Web Designers use a lot of jargon. Most of it is inside baseball that you don’t need to be concerned with. Responsive Web Design is however something you should understand, as it could have a huge impact on your website usability and lead conversion.
What is it?
Simply put, Responsive Web Design (RWD) is a technique used to create a website that is flexible, and changes depending on the device being used to view it.
In addition to flexible layouts, a Responsive website might load different images or fonts depending on the specs of your device.
This website uses RWD. If you are viewing it on a smart phone, the navigation bar changes to a menu icon, and the layout changes to fit a narrower display. If you are using a large screen, such as a desktop PC, you can see this in action by re-sizing your browser window.
Opposite RWD on the design spectrum is Fixed Width Design. A Fixed Width website uses a specific size for its width, usually measured in pixels. When such a site is viewed on a smaller screen, it is simply shrunk to fit with no changes to the layout or resources.
A close cousin to RWD is Adaptive Design. This technique uses more than one fixed width layout, and switches to suit the device using breakpoints.
Why is it important?
Do you remember waaaayyyy back in 2007 when the first iPhone and iPod Touch were released? Until that time, web browsing was done almost entirely from desktop computers. These computers had only a few screen resolutions and aspect ratios, and websites were designed using fixed widths to match.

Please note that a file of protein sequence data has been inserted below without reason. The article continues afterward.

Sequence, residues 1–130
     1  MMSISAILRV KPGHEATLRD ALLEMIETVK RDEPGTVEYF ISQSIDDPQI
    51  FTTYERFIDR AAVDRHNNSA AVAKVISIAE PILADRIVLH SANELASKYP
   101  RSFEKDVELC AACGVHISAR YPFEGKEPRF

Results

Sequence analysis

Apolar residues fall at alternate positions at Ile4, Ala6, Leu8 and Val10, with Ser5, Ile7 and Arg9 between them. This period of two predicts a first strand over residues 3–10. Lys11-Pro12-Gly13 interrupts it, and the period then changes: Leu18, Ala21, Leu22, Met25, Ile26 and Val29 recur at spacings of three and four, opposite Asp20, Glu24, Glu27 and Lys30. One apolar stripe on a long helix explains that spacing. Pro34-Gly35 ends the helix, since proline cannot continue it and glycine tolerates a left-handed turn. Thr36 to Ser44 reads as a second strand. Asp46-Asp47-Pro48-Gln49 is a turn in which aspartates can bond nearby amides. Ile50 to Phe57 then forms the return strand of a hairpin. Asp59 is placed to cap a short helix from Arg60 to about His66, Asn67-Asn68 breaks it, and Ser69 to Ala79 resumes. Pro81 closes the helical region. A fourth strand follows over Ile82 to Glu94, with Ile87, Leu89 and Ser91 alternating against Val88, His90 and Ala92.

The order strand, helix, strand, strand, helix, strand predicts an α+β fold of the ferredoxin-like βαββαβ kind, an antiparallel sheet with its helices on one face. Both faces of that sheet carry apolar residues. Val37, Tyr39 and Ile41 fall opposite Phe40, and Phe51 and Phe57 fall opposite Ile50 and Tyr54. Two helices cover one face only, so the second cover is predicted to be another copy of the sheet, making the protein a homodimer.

Since then, thousands of different screen resolution/size combinations of been released.
This image is just the Android devices that visited one particular website. Add to that desktop, iPhone, iPad, Windows Phone, BlackBerry, and soon smart watches and the variety is staggering. A one size fits all solution is clearly not going to cut it anymore!
If that isn’t enough to convince you of the need for RWD, according to ComScore, mobile devices are used for nearly half of Canadian online time.
What should I do?
Check your website on your phone right now. Go ahead, I’ll wait….
If you don’t have a phone handy, you can visit http://ami.responsivedesign.is/ and enter your website address to see a representation of how your site might look on different devices.
How was it?
If your site appears to be responsive, congratualtions! Less than 0.2% of the entire internet uses RWD. If yours is not it might be time for an upgrade.